Histologic grading remains the gold standard for prognosis in prostate cancer, and assessment of Gleason score plays a critical role in active surveillance management. We sought to optimize the prognostic stratification of grading and developed a method of recording and studying individual architectural patterns by light microscopic evaluation that is independent of standard Gleason grade. Some of the evaluated patterns are not assessed by current Gleason grading (eg, reactive stromal response). Individual histologic patterns were correlated with recurrence-free survival in a retrospective postradical prostatectomy cohort of 1275 patients represented by the highest-grade foci of carcinoma in tissue microarrays. In univariable analysis, fibromucinous rupture with varied epithelial complexity had a significantly lower relative risk of recurrence-free survival in cases graded as 3+4=7. Cases having focal “poorly formed glands,” which could be designated as pattern 3+4=7, had lower risk than cribriform patterns with either small cribriform glands or expansile cribriform growth. In separate multivariable Cox proportional hazard analyses of both Gleason score 3+3=6 and 3+4=7 carcinomas, reactive stromal patterns were associated with worse recurrence-free survival. Decision tree models demonstrate potential regrouping of architectural patterns into categories with similar risk. In summary, we argue that Gleason score assignment by current consensus guidelines are not entirely optimized for clinical use, including active surveillance. Our data suggest that focal poorly formed gland and cribriform patterns, currently classified as Gleason pattern 4, should be in separate prognostic groups, as the latter is associated with worse outcome. Patterns with extravasated mucin are likely overgraded in a subset of cases with more complex epithelial bridges, whereas stromogenic cancers have a worse outcome than conveyed by Gleason grade alone. These findings serve as a foundation to facilitate optimization of histologic grading and strongly support incorporating reactive stroma into routine assessment.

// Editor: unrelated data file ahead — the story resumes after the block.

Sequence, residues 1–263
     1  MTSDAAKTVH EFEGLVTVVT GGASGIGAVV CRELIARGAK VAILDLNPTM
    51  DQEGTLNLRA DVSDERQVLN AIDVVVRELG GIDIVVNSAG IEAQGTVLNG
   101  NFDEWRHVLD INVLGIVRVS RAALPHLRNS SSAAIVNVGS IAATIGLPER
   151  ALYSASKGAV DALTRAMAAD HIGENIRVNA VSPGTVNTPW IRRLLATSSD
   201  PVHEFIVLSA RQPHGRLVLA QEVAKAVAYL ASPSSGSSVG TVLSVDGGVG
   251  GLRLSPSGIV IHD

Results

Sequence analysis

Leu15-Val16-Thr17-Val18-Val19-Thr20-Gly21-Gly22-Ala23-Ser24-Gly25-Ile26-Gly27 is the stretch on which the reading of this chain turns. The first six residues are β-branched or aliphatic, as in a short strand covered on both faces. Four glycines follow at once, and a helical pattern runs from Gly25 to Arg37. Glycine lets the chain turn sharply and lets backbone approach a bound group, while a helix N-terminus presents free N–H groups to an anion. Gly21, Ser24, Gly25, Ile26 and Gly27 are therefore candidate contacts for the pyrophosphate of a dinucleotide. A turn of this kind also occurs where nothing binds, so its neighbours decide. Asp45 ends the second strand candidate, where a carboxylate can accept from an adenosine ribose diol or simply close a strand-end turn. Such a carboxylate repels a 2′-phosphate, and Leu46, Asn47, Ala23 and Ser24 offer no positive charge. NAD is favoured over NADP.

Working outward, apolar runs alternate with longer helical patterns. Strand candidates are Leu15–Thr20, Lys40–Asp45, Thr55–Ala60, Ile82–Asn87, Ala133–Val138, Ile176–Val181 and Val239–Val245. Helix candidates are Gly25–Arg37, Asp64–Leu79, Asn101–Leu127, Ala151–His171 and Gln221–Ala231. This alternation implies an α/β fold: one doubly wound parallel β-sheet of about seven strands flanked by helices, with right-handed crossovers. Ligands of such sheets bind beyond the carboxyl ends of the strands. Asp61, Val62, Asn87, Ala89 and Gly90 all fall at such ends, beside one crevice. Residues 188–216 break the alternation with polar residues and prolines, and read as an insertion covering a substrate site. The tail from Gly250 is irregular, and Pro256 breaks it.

*Cleveland Clinic, Cleveland, OH
†University of Texas MD Anderson Cancer Center, Houston
††University of Texas Health Sciences Center San Antonio, San Antonio, TX
‡Canary Foundation, Palo Alto
#University of California- San Francisco, San Francisco
‡‡Stanford University Medical Center, Stanford, CA
§Fred Hutchinson Cancer Research Center
∥University of Washington Medical Center, Seattle, WA
**Eastern Virginia Medical School, Norfolk, VA
¶University of British Columbia, Vancouver, BC, Canada
Conflicts of Interest and Source of Funding: Supported by the Canary Foundation and the Department of Defense (W81XWH-11-1-038). The authors have disclosed that they have no significant relationships with, or financial interest in, any commercial companies pertaining to this article.
Correspondence: Jesse K. McKenney, MD, Section Head, Surgical Pathology, Cleveland Clinic, Robert J. Tomsich-Pathology and Laboratory Medicine Institute, Anatomic Pathology, 9500 Euclid Ave., L25, Cleveland, OH 44195 (e-mail: email@example.com).